Justice (XI), cloaked in red, the color of life, wears a gold crown with a single clear blue jewel in the middle, the color of peace and clarity. She sits on a throne between two stone pillars. The entrance to the temple is behind her, and cloaked in a purple silk, the color of wisdom. In her right hand, she holds the double-edged sword up in victory, and in her left hand, she holds scales in perfect balance.
The square shape of her crown, the jewel, and the clasp on her cloak indicate a balanced, steady mind and impartial, practical reasoning. One white shoe, however, sticks out from under her robe on the stone, reminding that purity and innocence – innocent until proven guilty – is of the bedrock of justice.
Out of all major arcana cards, this one is the most neutral. Whatever the querent deserves, the querent is going to get. This all deals with facts, however. This isn‘t necessarily cosmic justice or karma, so much as it is reaping what one sows right now. One will get whatever they are due; no more, no less.
On the other hand, this can indicate that wrongs will be righted. If the querent has been victimized, they’ll literally see justice, or at least be restored to where they were before the injustice occurred. They may not get anything more than to be restored, so they shouldn’t expect to get something extra with this card.
This card may show that one may be vindicated in some way. For example, if someone has been working hard at something that others have been criticizing, or if they’ve been working without receiving credit, the Justice card may tell that the querent will soon show that they haven’t been wasting their time and that they’ll get credit where credit is due.
Justice can be a warning that one will be revealed for who they really are if they’ve deceptive. A liar may be revealed to be a liar, and a cheater will be discovered. They’ll face the consequences of their actions, and they won’t be softened.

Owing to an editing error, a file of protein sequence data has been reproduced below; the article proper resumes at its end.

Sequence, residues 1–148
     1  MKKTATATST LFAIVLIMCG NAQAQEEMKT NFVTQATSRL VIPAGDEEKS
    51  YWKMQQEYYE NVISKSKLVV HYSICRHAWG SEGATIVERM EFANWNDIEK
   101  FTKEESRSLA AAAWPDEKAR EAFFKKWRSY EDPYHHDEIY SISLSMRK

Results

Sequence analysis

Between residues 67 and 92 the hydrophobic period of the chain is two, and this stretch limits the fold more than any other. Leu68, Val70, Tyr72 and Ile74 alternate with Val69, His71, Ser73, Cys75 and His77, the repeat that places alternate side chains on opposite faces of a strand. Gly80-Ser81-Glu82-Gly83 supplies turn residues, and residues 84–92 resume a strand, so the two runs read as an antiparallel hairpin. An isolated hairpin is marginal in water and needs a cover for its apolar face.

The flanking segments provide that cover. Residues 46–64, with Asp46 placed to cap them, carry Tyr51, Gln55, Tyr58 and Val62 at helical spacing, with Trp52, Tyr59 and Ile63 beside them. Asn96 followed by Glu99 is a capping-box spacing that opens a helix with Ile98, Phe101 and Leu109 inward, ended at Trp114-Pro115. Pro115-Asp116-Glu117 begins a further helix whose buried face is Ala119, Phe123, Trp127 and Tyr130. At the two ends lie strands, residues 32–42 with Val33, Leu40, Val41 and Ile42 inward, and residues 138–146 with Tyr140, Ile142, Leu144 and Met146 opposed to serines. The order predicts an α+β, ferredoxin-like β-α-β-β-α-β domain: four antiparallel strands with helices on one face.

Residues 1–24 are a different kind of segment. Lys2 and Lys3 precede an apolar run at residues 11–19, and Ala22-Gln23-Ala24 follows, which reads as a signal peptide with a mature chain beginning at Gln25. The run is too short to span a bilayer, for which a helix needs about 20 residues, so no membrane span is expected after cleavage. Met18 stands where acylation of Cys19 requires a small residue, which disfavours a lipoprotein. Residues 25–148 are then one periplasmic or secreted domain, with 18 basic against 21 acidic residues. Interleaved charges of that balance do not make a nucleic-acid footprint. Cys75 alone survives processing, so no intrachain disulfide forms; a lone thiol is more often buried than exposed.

When the Justice card is Reversed:
When reversed, this card could certainly mean injustice, but it can also mean justice that isn’t entirely clean and neat. For example, the querent may get justice, but it may come at a price, and one they may or may not be willing to pay. To get Justice, one has to lose something else, like relationships or standing in the community. The choice to pursue Justice won’t be an easy one to make.
It may also mean that the querent simply has to wait for Justice, that it will come, but not right away. It may come, but not everyone will accept it. For example, time and circumstance may show that the querent was right about something, but the people around them still don’t believe it’s true. If you can believe that there are people that still think Charles Manson was framed, then you can see how this is possible.
In a three-card reading, this card means…
Past: In the past, one generally experienced fairness or conducted themselves impartially and logically.
Present: Currently, one is dealing with things in a rational and cool-minded way, or experiencing justice, or is called to make a fair, logical decision. Or, reaping what you have sown.
Future: You’ll get your day in court, so to speak. Hopefully, you have merited a favorable outcome. If not, you better start damage control now.